By Juan Barquin
By Amy Nicholson
By Alan Scherstuhl
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By Stephanie Zacharek
By Amy Nicholson
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City of Industry starts out promisingly and then turns into the kind of crime thriller only a pointy-headed postmodernist could love. Since a lot of critics these days have pointy heads, you might just want to brace yourself for a lot of steaming compost in the press about how "existential" and "noir" this film is. And I'll be the first to agree: City of Industry sure is existential. At times it's existential enough to make Jean-Pierre Melville seem like Penny Marshall. But it's also something else: It's not very good.
French noirish crime thrillers, such as Melville's or Andre Techine's, can get away with being moody-blues postmodernist because they do pulp differently over there. The intellectualization that goes into those movies is itself a species of pulp -- a way of juicing the sensibilities while playing tough. When an American crime thriller attempts to Frenchify its roots, it loses its hard-boiled vitality. The result is a kind of antithesis of pulp.
John Irvin, the British director of City of Industry, is no hack. With a film and TV career spanning The Dogs of War, Turtle Diary, Raw Deal, A Month by the Lake, Hamburger Hill, Widow's Peak, and Tinker Tailor Soldier Spy, Irvin can lay claim to being the most eclectic director in the business. And it's not an empty eclecticism either, since his movies are often excellent. Taken strictly as a piece of craftsmanship, City of Industry isn't far below Irvin's standard, but it falls down in other ways. When you give a crime thriller a "concept," you risk a conceptual failure. City of Industry is too big for its holster.
The terrific, edgy opening sequences -- a gang is assembled to knock off a Palm Springs jewelry store -- are without a trace of wasted motion. Lee (Timothy Hutton), a small-timer from Los Angeles, is looking for the one big score that will get him out of the racket. (Did I hear somebody say "noir"?) His criminal brother Roy (Harvey Keitel) is lured from his comfortable Midwestern retirement to help out. Jorge (Wade Dominguez), on the verge of re-entering prison after a failed appeal, leaves behind a disgruntled wife, Rachel (Famke Janssen, looking incongruously fashion-modelish), and kids. Skip (Stephen Dorff), the wheel man, is the loose cannon in this tight-lipped crowd: His hair is dyed a punkish blond-black; he likes his music eardrum-popping loud.
The robbery itself is excitingly staged (though it's never explained why the robbers don't wear masks). Irvin knows how to play Wild West-style mayhem against bright white Palm Springs expensiveness. Palm Springs is a highly effective noir locale because you can't get much more blanc than this city in all its golden rot. The dark-light contrast is furiously disorienting.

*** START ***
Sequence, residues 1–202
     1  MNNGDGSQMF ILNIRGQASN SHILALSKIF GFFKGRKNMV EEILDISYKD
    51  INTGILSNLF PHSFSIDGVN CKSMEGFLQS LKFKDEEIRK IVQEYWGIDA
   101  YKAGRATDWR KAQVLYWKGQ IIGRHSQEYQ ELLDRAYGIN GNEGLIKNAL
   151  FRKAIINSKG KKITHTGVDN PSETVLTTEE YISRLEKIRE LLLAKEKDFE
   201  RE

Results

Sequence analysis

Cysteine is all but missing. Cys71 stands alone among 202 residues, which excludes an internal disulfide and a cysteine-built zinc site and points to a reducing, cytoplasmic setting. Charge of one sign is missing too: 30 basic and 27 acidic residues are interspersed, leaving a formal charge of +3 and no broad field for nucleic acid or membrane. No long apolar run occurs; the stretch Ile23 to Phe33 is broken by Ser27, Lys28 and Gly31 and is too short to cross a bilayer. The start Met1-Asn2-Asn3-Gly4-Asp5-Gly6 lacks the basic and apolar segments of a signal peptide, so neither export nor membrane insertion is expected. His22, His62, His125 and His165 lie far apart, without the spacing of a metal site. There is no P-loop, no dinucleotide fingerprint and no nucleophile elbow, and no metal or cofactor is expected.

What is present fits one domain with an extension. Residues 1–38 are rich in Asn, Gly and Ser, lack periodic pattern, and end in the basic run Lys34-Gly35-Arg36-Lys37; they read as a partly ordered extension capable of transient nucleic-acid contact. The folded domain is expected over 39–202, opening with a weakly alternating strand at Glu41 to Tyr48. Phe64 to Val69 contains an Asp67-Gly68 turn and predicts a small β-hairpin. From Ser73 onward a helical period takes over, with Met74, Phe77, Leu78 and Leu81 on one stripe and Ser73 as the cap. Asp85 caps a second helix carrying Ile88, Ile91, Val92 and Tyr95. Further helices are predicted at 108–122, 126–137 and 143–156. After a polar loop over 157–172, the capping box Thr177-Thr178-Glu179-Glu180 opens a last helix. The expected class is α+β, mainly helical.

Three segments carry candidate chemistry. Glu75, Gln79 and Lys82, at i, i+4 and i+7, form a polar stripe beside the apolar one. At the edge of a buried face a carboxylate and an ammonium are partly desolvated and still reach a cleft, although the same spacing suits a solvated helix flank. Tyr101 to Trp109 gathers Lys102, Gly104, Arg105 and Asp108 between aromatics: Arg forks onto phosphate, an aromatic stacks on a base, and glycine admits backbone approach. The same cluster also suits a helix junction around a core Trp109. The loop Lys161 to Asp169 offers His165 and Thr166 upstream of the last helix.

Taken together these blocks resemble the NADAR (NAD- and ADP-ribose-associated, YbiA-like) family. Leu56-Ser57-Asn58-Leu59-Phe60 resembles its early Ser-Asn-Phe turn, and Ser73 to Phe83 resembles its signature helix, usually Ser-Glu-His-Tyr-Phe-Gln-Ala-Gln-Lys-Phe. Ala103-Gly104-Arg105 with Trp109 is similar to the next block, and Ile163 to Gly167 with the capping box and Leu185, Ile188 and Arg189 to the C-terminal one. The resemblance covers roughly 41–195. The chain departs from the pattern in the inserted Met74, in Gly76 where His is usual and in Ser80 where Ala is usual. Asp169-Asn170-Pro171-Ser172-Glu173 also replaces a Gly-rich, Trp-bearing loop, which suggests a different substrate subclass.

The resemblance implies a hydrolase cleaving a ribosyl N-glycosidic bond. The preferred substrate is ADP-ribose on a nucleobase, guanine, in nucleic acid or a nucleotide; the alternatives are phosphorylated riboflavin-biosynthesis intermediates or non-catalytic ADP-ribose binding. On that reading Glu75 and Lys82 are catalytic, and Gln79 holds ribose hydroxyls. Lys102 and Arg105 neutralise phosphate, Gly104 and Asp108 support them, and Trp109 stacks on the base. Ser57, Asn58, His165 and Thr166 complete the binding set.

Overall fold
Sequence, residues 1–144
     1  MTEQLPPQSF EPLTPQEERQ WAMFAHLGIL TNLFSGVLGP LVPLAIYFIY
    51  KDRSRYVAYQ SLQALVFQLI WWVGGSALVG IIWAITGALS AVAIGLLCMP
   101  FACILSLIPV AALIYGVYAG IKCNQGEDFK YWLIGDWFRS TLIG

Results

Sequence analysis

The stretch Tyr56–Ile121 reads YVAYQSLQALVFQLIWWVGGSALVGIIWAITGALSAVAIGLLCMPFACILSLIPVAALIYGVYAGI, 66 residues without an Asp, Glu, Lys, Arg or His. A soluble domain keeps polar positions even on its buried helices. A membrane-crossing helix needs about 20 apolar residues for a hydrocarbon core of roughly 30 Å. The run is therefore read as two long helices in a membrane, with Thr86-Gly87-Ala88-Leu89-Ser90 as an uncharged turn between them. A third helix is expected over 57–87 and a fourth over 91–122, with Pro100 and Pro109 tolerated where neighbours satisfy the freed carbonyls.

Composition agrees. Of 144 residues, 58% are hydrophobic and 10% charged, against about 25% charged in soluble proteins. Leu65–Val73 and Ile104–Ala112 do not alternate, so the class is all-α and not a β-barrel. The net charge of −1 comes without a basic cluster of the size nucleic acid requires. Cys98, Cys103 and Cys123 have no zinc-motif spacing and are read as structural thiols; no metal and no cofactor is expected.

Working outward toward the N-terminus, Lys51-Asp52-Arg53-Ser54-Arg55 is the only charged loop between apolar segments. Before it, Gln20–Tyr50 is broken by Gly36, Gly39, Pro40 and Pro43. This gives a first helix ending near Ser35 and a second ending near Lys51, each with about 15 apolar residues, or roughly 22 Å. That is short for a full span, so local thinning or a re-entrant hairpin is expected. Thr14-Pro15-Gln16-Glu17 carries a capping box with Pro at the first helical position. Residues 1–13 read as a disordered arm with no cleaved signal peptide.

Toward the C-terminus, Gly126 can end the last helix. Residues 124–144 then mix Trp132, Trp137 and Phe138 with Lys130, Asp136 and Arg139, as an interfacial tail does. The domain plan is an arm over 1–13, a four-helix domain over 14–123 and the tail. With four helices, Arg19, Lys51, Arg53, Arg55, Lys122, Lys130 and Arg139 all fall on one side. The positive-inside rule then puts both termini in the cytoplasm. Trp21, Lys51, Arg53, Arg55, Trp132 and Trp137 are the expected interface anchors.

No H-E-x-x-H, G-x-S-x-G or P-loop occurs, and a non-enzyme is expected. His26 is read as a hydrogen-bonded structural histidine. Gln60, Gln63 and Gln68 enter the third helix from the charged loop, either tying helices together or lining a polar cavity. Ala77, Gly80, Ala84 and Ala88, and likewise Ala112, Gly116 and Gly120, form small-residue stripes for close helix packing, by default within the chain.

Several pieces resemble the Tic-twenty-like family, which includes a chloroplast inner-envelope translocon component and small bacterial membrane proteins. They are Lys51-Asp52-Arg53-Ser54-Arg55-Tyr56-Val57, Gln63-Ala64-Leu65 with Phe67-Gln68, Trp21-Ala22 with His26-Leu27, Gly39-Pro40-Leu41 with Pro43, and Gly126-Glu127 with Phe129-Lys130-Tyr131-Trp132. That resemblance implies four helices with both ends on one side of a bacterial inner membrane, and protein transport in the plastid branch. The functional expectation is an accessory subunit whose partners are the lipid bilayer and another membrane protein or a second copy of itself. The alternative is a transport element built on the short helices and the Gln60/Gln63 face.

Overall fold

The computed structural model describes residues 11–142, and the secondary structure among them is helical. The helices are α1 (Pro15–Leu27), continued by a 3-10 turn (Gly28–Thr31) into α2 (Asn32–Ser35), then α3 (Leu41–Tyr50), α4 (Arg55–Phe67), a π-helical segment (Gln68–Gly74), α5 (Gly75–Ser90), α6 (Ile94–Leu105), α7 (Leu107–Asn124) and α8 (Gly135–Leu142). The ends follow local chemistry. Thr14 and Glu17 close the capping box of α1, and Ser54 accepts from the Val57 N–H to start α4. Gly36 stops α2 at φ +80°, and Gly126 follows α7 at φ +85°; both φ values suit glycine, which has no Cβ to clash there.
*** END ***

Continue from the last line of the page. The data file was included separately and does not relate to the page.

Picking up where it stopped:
The aftermath of the robbery is exciting too -- the getaway car is suddenly locked in traffic as a hornets' nest of squad cars screams into formation. Irvin would have done well in Hollywood's studio-system days: There's a real pulse to his art in these early no-nonsense scenes.
But Irvin is working from a script by Ken Solarz (Miami Vice, Crime Story) that rapidly degenerates into half-sensical existential sludge. Things turn out badly for the gang -- but of course -- and the remainder of the film is taken up with Roy's dogged pursuit of Skip through L.A. grunge.
Roy is a blocklike hero, and he's also something of a blockhead. Yet we're supposed to admire his straight-ahead gumption and almost biblical sense of retribution. When he barges in on a shady lawyer who may know how to find Skip, Roy doesn't mess around: Instead of waiting for the lawyer to retrieve a phone number, he just makes off with the guy's laptop. Roy pulverizes a deliberately unhelpful bartender, he breaks bad news to Rachel with all the finesse of a replicant from Blade Runner, and he's subverbal in that fake-enigmatic tough-guy way that saves screenwriters the bother of fleshing out a character. "Why don't you call the police?" Skip's Asian stripper girlfriend asks Roy. "I'm my own police," he replies. It's one of his lengthier complete sentences.
Skip is as jangly as Roy is sluggish. Taking refuge in L.A.'s multicultural gangland landscape, he does business with Chinese tongs and black underlords. We're meant to recognize that he's in his element in an unbalanced world -- though it's difficult to see how someone this nutso could ever get through a day. The contrast between Skip's Young Turk craziness and Roy's plodding righteousness is a hyped-up, fancy-pants version of that old Western/crime movie standby: the veteran gunslinger versus the upstart. Roy and Skip are meant to be emblematic of then and now; we're supposed to mourn the passing of the old ways of doing crime -- Roy's ways. For all its newfangled gloss, City of Industry is soggy with sentimentality. Are we really supposed to believe there once was a shining hour when honor reigned among thieves?
Making Roy and Skip emblematic saps the movie of its grade-B pleasures. A lot of famous American crime movies, such as High Sierra, made the same points as City of Industry without having to earn a Ph.D. The schematic approach extends to the way Irvin shows off L.A. Instead of the usual La-La-Land stuff -- I can't recall seeing a single palm tree -- we get sweatshops, bleak byways, abandoned oil refineries. (At least the refinery is the same one used in Jimmy Cagney's White Heat.) Other directors have used this un-L.A. approach before, notably William Friedkin in To Live and Die in L.A. The trouble is, it's just another myth -- a countermyth. Instead of glitz everywhere we have grunge everywhere; but soiled or sparkling, a fantasyland is still a fantasyland.
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